reCAPTCHA with CakePHP Forms Tutorial

January 14th, 2011 Leave a comment
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reCAPTCHA with CakePHP

Unfortunately, as a developer today, you have to consider the possibility of spammers using automated scripts to submit the forms on your web site. One popular method for preventing this is to use a CAPTCHA. A CAPTCHA is an image that contains words or an alphanumeric code. The image is often slightly distorted. The user must correctly enter the words or code for the form to be considered valid. This prevents scripts from submitting forms since the CAPTCHA is not readable by automated systems.

The most popular system for implementing CAPTCHA is reCAPTCHA by Google. reCAPTCHA provides an API that makes it easy for any developer to include CAPTCHAs on their web forms. Furthermore, their API provides an audio of the CAPTCHA to help the visually impaired use your web form. This means you can still create accessible systems while protecting your forms from automated SPAM.

As a side note, reCAPTCHA is pretty cool because the test words are actually snippets from scanned books. By completing the CAPTCHA, users are fine tuning the optical character recognition system. Basically, reCAPTCHA works by presenting 2 words. For one of them, the correct answer is known. If the user submits the correct answer for the known word, the unknown one is considered correct. By serving the same unknown word to multiple users, a certain amount of statistical certainty about it can be created. This allows Google to improve their OCR systems.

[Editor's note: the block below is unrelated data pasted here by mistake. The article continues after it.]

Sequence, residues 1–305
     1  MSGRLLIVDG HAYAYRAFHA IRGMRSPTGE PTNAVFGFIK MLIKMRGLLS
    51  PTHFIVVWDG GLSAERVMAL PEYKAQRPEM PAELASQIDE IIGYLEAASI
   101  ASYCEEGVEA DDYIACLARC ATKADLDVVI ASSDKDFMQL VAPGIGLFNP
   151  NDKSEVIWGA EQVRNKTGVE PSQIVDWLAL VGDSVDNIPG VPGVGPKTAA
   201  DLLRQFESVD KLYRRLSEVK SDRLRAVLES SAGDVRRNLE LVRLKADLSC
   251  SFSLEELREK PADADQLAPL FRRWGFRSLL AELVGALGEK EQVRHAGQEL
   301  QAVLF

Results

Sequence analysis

CAPTCHAs make the most sense on certain forms. Obviously contact forms and other forms that send email are the best places to use a CAPTCHA. However, registration forms are also a good place for one. Spammers will often create accounts on web sites hoping to be able to spam by posting in forums or through email.

I am going to show one method of using reCAPTCHA with CakePHP. To do this, we’ll make a mock registration form but I won’t be getting into a lot of extra details such as confirming passwords and so on. We’re going to focus on the CAPTCHA portion.

To begin, you’ll need to download the PHP library from reCAPTCHA. While you can develop a helper and component to utilize reCAPTCHA, we’re instead going to use the existing PHP library from within CakePHP. The PHP library consists of a single file called recaptchalib.php. Make a new subdirectory of your /vendors directory under your CakePHP installation call reCAPTCHA and place this file in the subdirectory.

We’re going to need a user model to save our registration data. For our example, let’s assume that our User model consists only of an email address, username and password. We’ll use CakePHP’s model validation to make sure that all of the fields are submitted, that a valid email address is submitted and that the username is unique.

Our registration form will need to include the CAPTCHA and a place for the user to type the code. Fortunately, the reCAPTCHA library takes care of this for us. We’re also going to manually write some of the form code. I prefer to wrap my form in an unordered list and I prefer to have field errors inside the label. For my code, I pass parameters to the form helper’s create method to suppress automatically adding div tags and labels:

$form->create('User', array(
	'inputDefaults' => array(
		'div' => false,
		'label' =>false